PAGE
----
1968 Wards Riverside Benelli 250 electrical short
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Thread: 1968 Wards Riverside Benelli 250 electrical short

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    1968 Wards Riverside Benelli 250 electrical short

    I have a 1968 Wards Riverside Benelli 250 with a dead short in the blue wire that attaches to the battery. I've about worn out my wiring diagram and can't figure out what is going on. The only way I can get rid of it is to disconnect the wire between the ignition switch and the voltage regulator. When connected it seems that every pole on the ignition/light switch is grounded. I've disconnected the brake/tail light and the headlight is removed.

    On a related front the red wired pole and the white wired pole on the generator are grounded to the engine . I can't find any documentation to tell me if that is right or wrong. I do know that disconnecting all wires from the generator has no effect on the above blue wire shorting.

    I'm pretty close to writing this thing off and parting it out, although it's a pretty nice looking bike.

    Any suggestions on how to figure this out would be much appreciated.

    Thanks.

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    Hi,
    From what you say, it sounds like the voltage regulator is at fault. If you diconnect it, does the bike run, and do the lights and horn work ?

    Richard.

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    Quote Originally Posted by RichardJ View Post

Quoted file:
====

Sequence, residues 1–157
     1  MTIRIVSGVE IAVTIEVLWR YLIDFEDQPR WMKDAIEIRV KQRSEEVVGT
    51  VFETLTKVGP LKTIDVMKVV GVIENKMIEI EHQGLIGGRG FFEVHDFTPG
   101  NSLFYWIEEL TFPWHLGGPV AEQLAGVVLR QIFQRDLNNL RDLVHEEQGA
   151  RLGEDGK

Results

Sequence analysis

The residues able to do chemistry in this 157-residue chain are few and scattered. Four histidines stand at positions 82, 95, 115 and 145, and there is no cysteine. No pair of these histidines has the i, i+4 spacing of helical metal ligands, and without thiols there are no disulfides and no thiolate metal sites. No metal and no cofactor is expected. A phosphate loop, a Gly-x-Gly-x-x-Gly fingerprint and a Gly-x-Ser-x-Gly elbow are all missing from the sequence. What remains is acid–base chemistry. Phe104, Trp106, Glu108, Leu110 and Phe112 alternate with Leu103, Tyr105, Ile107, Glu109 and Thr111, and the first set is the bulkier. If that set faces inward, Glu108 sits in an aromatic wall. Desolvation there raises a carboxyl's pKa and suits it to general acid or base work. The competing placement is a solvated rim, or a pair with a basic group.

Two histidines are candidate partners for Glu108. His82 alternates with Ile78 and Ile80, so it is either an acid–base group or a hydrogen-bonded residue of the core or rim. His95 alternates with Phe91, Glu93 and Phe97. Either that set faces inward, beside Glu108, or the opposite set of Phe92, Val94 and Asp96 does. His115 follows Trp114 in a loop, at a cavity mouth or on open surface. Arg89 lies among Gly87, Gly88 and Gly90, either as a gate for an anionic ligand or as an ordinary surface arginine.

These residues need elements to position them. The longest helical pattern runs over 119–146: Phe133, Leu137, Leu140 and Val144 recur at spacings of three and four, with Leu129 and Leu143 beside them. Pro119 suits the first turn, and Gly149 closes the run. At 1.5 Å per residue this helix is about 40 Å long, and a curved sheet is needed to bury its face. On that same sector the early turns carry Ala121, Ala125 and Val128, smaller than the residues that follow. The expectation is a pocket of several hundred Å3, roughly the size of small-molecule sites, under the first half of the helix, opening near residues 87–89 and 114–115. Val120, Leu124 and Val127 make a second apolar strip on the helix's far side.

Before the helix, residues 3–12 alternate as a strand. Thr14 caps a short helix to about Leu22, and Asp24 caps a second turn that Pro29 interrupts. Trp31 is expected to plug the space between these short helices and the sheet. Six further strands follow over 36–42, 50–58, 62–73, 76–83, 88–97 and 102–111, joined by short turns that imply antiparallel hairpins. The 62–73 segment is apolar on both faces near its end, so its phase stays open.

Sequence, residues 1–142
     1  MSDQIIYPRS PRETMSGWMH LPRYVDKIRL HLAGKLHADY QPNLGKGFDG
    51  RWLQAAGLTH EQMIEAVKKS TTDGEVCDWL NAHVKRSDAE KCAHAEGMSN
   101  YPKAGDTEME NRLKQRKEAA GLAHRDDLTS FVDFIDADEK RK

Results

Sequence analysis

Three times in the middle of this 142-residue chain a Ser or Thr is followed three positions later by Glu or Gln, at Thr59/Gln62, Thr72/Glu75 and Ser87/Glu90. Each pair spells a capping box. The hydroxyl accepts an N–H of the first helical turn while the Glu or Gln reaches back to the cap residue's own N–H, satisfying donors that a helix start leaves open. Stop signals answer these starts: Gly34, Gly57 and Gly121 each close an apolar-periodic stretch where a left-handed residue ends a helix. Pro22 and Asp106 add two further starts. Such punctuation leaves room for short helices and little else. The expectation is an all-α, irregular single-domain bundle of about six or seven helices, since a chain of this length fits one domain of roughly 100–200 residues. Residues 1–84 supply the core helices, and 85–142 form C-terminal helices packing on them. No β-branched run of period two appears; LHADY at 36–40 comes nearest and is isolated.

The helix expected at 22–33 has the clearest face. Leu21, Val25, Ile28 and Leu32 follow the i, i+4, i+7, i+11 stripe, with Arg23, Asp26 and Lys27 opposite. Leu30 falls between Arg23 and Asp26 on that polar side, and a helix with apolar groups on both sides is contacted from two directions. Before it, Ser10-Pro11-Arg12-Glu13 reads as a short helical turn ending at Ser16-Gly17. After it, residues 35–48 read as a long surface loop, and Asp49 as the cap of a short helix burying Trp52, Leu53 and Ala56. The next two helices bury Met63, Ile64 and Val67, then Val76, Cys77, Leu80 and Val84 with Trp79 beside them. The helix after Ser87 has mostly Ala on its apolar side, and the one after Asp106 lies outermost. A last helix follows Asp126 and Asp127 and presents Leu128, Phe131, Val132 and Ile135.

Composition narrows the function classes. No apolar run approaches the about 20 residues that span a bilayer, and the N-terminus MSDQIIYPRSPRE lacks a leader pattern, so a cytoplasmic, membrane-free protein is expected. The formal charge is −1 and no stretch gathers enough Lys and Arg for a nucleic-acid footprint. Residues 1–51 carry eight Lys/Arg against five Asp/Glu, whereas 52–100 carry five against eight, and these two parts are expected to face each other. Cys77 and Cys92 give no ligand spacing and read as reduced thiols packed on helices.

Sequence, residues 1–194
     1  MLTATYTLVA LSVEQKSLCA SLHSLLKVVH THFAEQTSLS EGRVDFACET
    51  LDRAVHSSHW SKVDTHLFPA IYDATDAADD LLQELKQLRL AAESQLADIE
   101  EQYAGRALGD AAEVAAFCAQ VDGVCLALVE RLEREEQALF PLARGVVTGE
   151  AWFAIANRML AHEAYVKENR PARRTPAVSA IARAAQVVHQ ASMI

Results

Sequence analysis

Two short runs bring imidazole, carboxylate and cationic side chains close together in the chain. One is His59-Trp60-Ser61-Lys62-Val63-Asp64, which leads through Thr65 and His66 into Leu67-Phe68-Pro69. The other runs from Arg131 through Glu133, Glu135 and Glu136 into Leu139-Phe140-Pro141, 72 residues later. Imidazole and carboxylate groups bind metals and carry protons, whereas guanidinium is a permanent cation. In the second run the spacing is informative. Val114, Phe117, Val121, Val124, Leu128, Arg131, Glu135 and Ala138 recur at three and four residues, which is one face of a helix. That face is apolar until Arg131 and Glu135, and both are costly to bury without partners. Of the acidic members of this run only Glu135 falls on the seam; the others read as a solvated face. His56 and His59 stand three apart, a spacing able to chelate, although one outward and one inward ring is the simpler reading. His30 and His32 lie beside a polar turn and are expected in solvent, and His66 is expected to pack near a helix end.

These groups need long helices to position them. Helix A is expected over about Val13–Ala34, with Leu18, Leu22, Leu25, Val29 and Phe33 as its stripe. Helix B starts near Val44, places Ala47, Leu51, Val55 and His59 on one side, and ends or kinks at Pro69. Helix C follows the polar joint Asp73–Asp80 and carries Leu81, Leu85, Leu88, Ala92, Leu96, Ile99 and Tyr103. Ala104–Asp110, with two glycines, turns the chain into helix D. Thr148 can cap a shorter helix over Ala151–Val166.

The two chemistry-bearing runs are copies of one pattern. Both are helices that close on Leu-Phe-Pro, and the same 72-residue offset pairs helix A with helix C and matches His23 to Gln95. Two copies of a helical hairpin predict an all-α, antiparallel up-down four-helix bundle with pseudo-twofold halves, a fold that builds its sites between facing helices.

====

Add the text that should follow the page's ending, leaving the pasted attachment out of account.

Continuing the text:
Hi,
    From what you say, it sounds like the voltage regulator is at fault. If you diconnect it, does the bike run, and do the lights and horn work ?

    Richard.
    Lights work. Doesn't have a horn. Don't know f it runs. I put a battery in to check for spark and got off track chasing this short when the battery discharged in a few minutes. I think I'm going to start trying to locate a new regulator.

    Thanks for your input.

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    Senior Member RichardJ's Avatar
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    Good Luck.

    Please let us know how you get on.

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    Benelli 250 electrical short

    Well, I replaced the voltage regulator. No difference.
    I now have everything disconnected except the white wire that goes from the regulator to the switch and the blue wire from the battery to switch.
    Blue wire still shows a short circuit.
    Made a discovery along the way; with the bulb for the high beam indicator lamp removed the short circuit goes away.
    Which leads me to two questions
    1. Is this light necessary for the bike to run?
    2. Does that mean the short is inside the switch which is a real pain to remove and install?
    Thanks.

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    Ramwing,

    Before you chuck it all, be advised that a couple of the factory Riverside wire diagrams have a fatal flaw in the picture. Join this group, which is dedicated to these bikes, and ask there: https://groups.io/g/Wards-Riverside-Cycles


    Joe

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    Senior Member RichardJ's Avatar